(Question 1) The Preamble of the Indian Constitution is a reflection of its philosophy- Comment
The term ‘Preamble’ refers to the introduction or preface to the Constitution. The Preamble of the Constitution of India makes one feel the heartbeat of the great organic document. It encapsules the characteristics of the aspirations of the people and sets out the ideals of identifying the nature of the State the Constitution intends to have and further epitomizes the fundamental philosophy of an egalitarian society and a progressive nation. The words of the Preamble are simultaneously metaphysical and practical and lay down the objectives upon which the foundation of this country was laid.
Preamble is the horoscope of our sovereign democratic republic”, said K.M. Munshi. How eloquent and invaluable the statement is. The Preamble has been called the soul of the Constitution because every particular detail and the fundamental principles get the instinct of verbalization when other ideas are read in harmony with the Preamble.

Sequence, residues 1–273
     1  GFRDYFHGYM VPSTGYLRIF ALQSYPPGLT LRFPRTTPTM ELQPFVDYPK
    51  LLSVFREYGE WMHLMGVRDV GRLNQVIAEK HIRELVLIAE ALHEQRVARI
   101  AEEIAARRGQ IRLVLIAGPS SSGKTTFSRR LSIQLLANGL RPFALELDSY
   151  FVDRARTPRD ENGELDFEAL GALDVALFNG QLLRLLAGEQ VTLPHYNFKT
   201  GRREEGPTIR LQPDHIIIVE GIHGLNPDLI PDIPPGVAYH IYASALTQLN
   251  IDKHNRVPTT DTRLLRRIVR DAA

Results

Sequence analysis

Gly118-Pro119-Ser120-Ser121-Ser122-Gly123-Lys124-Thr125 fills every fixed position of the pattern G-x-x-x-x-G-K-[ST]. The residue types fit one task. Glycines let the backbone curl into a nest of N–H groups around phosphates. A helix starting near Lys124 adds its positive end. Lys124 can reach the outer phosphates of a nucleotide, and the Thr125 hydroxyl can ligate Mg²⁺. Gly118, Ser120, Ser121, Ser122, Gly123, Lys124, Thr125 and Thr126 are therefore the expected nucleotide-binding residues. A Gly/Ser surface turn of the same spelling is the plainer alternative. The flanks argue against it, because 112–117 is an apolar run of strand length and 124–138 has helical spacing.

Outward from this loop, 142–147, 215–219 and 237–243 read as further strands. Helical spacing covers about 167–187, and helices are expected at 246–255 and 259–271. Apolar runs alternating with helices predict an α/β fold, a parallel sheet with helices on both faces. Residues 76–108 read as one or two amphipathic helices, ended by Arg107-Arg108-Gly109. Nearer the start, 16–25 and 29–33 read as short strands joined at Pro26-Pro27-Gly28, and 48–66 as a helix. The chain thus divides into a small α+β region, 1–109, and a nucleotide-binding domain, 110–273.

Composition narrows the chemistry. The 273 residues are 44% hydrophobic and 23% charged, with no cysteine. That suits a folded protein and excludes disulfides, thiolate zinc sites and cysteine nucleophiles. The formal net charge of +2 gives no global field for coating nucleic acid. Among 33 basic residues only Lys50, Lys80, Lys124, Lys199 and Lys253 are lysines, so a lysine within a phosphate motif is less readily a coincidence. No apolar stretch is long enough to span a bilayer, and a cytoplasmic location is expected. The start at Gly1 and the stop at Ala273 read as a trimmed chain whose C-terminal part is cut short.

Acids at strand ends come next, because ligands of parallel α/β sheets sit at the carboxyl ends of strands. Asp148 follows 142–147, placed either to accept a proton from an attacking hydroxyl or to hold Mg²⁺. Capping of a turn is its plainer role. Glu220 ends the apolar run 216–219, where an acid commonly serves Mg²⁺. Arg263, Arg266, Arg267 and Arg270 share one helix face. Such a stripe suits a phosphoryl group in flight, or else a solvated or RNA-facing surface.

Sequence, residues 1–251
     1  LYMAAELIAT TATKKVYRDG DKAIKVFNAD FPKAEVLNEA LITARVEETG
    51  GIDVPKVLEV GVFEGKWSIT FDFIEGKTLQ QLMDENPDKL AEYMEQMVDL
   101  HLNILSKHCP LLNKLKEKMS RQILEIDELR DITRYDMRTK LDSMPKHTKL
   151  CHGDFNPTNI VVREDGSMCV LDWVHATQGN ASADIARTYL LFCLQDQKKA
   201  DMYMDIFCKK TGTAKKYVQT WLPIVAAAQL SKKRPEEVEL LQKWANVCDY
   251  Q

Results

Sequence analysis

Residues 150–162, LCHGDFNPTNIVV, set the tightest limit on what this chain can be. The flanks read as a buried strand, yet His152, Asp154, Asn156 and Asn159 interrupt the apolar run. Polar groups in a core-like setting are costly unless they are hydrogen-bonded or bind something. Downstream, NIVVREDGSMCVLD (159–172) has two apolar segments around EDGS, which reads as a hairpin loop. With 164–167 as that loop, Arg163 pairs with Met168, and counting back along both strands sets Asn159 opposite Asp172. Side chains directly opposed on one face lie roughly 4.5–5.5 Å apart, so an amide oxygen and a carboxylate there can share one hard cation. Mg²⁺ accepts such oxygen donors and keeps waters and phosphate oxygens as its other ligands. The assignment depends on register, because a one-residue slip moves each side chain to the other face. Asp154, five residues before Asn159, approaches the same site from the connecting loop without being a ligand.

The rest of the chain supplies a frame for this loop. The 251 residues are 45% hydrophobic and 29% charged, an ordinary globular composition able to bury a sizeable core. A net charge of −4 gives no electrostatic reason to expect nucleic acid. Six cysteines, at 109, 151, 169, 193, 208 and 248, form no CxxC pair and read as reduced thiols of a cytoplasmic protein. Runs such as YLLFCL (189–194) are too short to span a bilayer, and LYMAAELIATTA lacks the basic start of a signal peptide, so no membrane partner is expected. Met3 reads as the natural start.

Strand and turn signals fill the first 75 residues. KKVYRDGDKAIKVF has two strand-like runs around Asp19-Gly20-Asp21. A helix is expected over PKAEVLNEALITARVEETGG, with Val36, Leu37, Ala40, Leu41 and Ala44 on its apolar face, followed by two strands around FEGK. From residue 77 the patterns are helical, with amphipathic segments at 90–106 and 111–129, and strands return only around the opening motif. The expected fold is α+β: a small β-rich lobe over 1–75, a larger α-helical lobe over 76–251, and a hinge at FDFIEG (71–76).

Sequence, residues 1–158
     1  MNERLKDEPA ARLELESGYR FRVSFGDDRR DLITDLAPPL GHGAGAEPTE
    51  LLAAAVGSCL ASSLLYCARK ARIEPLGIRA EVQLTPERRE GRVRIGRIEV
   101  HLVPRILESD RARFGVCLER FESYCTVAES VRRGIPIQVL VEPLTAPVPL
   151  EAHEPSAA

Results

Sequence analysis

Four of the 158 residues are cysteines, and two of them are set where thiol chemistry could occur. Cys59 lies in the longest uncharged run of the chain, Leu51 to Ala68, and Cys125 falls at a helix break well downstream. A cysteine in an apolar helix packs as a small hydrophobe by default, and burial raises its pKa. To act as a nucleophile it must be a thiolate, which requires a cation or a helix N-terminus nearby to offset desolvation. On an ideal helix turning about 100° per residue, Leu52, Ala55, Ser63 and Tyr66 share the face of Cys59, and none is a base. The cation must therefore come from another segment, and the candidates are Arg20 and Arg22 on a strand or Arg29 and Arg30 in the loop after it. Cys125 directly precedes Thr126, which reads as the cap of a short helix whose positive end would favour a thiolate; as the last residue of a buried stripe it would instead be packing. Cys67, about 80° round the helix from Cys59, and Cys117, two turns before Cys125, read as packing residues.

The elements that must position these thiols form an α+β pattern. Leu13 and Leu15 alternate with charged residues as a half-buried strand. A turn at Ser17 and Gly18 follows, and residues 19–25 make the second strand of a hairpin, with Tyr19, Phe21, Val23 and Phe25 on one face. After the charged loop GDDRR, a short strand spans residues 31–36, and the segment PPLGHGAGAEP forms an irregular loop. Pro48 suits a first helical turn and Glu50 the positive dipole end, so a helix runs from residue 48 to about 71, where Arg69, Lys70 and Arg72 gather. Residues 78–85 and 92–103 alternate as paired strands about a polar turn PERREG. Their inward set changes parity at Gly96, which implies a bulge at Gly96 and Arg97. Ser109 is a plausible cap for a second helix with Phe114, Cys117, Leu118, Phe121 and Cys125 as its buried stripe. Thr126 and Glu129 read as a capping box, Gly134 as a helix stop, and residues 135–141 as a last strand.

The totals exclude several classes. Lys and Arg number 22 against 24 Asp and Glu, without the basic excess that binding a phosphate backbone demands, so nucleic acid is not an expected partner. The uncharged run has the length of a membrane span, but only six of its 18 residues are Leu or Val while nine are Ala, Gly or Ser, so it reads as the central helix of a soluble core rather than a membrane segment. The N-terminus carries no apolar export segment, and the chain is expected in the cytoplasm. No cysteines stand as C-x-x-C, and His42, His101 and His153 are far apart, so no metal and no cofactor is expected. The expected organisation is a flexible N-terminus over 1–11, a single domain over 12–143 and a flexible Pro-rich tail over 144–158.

The Preamble makes every article very active and that is why, it is called a great declaration. Preamble acts as key to understanding of the Constitution and makes us understand what the founding fathers meant when they drafted this grand document. The Preamble was incorporated after all the Articles were drafted and after a keen and interesting debate; and that is why, every word used in the Preamble is absolutely precious. In Re berubari Case, it was also asserted by the honorbale Supreme Court that Preamble is the key to open the mind of the makers of the Constitution.
The Preamble to our Constitution serves the following purposes:
- It indicates the source from which the constitution derives its authority.